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There are natural ways to control pests in our gardens, however, we do not often consider these methods. It is easier to go to the garden supply store and purchase a chemical for this purpose. With our environment saturated with caustic substances it is time to stop and think. What are we are leaving for our children and their children? Our forefathers used organic methods in farming and gardening. They held within themselves a wealth of knowledge using simple methods.

It is for certain the very best gardener will not avoid the pests that will visit his or her garden. The moment we become smug and think we are doing great as far as the little bugs go, then here they come flying in on wings of “desire” for your veggie delicacies.

And here you are facing down these tiny monsters, and the size comparatively to human beings makes no difference. Pound for pound the insect holds a great deal of power! So put on your armor and let’s go!

First instinct is to annihilate these destructive little creatures with a chemical spray. However on second thought let’s try other method!

1. Judge the damage, is it just a few holes in the leaves? Aesthetically unpleasant but does it really matter to the soundness of the plant? If insignificant then perhaps controlling the problem is not necessary.
2. Try to identify what is eating your plant. Look for excrement on the leaves and try to actually see the pests perhaps under the leave or at the base of the plant at the soil line. Some, such as slugs, are nocturnal so look at dusk or early morning. You can find at any library books on insects to compare and correctly identify them.
3. The life cycle is important to understand, the peak of each season, the eggs and how they appear.
Plan your defense, if damage becomes unalterable, try one of the suggestions listed below.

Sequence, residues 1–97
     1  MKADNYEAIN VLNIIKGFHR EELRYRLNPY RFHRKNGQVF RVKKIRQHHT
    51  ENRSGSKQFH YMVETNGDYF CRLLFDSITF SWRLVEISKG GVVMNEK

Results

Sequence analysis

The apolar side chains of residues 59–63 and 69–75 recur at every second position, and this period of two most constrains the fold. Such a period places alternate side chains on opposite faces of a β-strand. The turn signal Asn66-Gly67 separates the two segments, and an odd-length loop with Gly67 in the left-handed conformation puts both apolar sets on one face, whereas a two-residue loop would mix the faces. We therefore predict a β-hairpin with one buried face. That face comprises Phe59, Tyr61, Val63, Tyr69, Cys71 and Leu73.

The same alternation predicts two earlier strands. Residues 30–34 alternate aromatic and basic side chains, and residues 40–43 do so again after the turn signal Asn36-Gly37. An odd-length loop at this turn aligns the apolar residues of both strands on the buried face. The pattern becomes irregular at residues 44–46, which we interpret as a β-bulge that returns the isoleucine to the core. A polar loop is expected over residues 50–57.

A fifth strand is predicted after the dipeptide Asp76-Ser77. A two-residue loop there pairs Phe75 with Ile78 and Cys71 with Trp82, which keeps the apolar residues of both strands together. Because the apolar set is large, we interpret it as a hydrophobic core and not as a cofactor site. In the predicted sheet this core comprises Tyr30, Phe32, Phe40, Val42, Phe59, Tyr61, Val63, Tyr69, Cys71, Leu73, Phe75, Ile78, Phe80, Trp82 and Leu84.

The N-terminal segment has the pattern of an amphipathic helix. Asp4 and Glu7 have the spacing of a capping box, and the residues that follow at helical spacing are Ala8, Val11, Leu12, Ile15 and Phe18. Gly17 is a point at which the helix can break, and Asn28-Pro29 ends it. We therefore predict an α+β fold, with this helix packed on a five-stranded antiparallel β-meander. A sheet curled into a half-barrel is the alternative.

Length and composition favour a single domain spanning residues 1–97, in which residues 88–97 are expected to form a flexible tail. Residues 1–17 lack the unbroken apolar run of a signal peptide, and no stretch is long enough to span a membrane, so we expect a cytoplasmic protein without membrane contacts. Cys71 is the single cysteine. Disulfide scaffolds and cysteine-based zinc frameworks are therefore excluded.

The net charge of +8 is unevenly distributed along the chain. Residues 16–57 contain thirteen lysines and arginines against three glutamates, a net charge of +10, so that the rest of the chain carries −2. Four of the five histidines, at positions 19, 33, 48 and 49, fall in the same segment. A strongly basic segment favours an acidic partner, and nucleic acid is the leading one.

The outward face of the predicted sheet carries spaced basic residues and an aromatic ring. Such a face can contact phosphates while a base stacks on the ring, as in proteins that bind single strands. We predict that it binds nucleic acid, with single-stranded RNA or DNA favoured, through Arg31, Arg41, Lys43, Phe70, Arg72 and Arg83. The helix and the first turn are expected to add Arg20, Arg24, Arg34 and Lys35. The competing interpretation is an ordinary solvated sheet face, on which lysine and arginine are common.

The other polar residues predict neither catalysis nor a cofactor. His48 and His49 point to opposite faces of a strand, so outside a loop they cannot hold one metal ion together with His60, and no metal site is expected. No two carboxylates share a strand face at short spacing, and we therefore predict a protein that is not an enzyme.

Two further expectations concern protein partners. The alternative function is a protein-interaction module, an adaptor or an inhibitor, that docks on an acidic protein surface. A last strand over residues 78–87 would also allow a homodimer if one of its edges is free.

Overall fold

There are plants bred for their resistance to certain pests. This should be a consideration early each season upon selection of your plants.
* When the season is over remove dead and rotting plants, as some insects winter in this debris. You don’t need them next year! Cultivating the soil also helps to destroy wintering pests.
* Rotate crops from year to year, as this can interfere with life cycles of some insects.
* Plan the time you choose to plant your garden. Certain plants can be successfully planted earlier or later to avoid the peak season of some bugs.
* Keep the soil healthy. Too much nitrogen, a pH that is too low or high and poor drainage encourages our un-wanted friends. Water well and early in the day so that plants will dry before evening since this is the time favorable to disease and infection. Pull or cultivate weeds. Try not to weaken your plants when cultivating as this makes them more susceptible to infestation.
* Plants need light; most need at least 6 hours of full sun. Make sure there is enough room between plants for good air ventilation.

Take Action!
* Hand pick the critter and its eggs off of the plants.
* Use predators (other insects) that feed on garden pests.
* Use soap sprays.

This is a poison made from the flower heads of Chrysanthemums. Careful! Some people may be allergic to the flowers.

Pyrethrum Dust:
Pick the flowers (Chrysanthemums) while the petals are soft and fresh and the pollen in the center of the flower is just beginning to release. The flowers need to dry out of direct sunlight and then grind the flower heads.

Pyrethrum Spray:
Using methyl alcohol, soak the ground flower heads at least overnight. Dilute with 100% more water before using. Store in dark containers that are sealed well. They soon break down if exposed to light.

“Smelly” but effective natural repellent:
1 ½ tablespoon liquid soap
1 or 2 garlic bulbs
1 small onion
1 tablespoon cayenne pepper
1 quart water

Blend garlic, onion, pepper, and water in blender
Let stand for 15 to 20 minutes
Add liquid soap
This will need to be used immediately or stored in tightly sealed container in refrigerator it will last approximately one week.

Happy gardening!